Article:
‘Before the Dying of the Light’ Review: Moroccan Cinema’s Attempted Revolution

In 1968, the first substantive film festival was hosted in Tangier, Morocco, an event not mentioned in this impressionistic documentary directed by Ali Essafi. For the most part, “Before the Dying of the Light” is an immersive creation — its on-screen texts mostly philosophical rather than explanatory.

The date of that festival is significant, though, because it can be seen as an indicator of emergent Moroccan cinema, which in the 1970s aligned itself with other visual arts and briefly, under the oppressive regime of King Hassan II, tried to forge an authentic politically pertinent body of work.

Essafi assembles and presents staggering images. He juxtaposes on-the-street archival interviews; multiple covers of literary magazines, both in Arabic and French (France claimed the country as a “protectorate” from the 1910s until the mid-1950s); newsreel clips; scenes from European films shot in Morocco; and Morocco-produced mainstream films (including 1973’s “A Thousand and One Hands,” directed by Souheil Ben-Barka and starring the American actress Mimsy Farmer).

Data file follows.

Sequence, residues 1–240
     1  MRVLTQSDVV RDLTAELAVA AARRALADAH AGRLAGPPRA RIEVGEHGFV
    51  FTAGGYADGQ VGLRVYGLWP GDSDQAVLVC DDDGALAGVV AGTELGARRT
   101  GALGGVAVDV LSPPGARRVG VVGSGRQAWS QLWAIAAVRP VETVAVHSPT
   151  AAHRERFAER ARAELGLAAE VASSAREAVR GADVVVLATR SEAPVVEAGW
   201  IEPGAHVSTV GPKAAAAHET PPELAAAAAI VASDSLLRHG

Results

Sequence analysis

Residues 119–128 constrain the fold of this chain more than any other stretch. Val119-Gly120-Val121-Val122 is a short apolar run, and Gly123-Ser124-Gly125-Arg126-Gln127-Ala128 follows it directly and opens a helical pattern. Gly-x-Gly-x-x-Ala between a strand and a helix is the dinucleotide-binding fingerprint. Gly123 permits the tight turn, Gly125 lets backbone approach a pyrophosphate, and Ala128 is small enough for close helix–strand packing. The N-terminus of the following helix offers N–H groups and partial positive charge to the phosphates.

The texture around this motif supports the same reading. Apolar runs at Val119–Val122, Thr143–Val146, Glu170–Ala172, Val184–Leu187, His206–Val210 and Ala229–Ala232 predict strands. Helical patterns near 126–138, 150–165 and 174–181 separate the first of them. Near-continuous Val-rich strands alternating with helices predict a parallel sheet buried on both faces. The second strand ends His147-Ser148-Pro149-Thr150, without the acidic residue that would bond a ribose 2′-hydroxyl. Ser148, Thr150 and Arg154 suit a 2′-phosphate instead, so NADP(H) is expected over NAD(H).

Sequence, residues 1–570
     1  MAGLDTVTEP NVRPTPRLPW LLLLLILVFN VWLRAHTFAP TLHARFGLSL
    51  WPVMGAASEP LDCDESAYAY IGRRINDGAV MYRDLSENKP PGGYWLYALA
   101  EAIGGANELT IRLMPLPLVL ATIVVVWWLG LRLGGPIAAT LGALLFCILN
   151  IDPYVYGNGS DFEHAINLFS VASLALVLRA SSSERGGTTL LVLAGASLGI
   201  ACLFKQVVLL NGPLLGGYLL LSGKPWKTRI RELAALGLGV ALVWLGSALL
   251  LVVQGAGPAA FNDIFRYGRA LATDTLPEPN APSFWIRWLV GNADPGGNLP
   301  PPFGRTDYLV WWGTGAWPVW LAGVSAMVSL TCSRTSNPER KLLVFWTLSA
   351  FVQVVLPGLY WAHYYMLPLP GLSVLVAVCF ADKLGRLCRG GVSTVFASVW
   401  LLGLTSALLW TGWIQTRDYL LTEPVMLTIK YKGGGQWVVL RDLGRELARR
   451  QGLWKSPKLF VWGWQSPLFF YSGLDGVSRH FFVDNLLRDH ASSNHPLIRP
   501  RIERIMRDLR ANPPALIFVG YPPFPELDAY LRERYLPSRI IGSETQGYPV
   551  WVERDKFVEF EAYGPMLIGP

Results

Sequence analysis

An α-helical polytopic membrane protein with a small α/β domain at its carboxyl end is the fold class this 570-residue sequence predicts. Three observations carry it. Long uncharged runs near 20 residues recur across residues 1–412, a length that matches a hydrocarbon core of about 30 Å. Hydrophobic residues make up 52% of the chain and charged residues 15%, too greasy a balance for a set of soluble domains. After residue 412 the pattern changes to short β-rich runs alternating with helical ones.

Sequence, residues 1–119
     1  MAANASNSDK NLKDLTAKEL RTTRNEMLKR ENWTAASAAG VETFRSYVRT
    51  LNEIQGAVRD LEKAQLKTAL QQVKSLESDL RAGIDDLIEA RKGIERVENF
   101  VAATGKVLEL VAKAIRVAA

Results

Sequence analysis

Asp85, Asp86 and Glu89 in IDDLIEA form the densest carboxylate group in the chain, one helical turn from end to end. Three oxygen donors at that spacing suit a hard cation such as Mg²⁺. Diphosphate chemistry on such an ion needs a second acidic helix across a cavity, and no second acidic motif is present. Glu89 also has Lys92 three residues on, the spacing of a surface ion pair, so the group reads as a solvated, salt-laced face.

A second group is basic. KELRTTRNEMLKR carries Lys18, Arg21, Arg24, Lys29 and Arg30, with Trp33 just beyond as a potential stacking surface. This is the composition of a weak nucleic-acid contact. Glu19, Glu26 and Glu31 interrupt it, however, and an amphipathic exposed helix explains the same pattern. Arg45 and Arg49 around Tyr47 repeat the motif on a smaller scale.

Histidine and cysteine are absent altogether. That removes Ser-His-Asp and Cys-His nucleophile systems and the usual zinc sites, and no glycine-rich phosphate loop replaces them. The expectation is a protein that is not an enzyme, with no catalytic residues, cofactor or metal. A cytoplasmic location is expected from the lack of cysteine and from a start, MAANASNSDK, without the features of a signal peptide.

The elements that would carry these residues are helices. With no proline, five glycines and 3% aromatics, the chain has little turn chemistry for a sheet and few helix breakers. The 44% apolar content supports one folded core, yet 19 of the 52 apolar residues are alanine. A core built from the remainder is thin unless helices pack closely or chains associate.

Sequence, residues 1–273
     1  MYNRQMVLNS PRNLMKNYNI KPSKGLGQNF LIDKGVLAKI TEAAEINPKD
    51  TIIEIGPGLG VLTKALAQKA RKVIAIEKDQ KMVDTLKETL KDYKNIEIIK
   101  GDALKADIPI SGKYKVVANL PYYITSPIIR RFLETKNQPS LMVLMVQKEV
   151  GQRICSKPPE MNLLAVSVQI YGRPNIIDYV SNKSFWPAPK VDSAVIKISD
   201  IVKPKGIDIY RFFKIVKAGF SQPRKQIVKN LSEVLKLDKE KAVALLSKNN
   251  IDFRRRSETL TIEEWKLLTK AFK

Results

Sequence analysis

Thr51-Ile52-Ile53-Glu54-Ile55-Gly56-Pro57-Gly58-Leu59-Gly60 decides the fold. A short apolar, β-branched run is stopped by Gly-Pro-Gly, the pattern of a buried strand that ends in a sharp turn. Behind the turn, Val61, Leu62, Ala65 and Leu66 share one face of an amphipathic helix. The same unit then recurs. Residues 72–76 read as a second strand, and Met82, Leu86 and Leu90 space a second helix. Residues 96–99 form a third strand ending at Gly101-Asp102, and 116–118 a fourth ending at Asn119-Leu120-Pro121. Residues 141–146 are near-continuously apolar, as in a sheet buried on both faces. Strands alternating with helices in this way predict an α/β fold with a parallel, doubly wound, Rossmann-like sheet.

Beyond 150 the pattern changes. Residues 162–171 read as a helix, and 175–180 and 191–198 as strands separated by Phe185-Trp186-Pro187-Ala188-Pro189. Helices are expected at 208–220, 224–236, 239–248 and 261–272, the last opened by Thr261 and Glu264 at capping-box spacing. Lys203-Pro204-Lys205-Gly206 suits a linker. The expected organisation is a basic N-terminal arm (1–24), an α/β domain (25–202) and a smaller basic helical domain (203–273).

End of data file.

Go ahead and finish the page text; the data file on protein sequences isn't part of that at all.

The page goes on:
These are interspersed with behind-the-scenes footage from the making of the 1974 film “About Some Meaningless Events.” Its filmmakers, led by the director Mostafa Derkaoui, are very self-interrogating, as was the custom in leftist aesthetics around the world at the time. Contemplating how to best use working-class people in the picture, a team member says, “We could write a script”; another immediately counters, “No.” Their obsessing about how to best capture the spirit of their times resulted in a picture that was suppressed soon after it was completed.

Even for viewers with little grounding in Moroccan history, Essafi’s film offers an inspiring view of a roiling period of artistic exploration.

Before the Dying of the Light
Not rated. In Arabic and French, with subtitles. Running time: 1 hour 8 minutes. Watch through MoMA’s Virtual Cinema.

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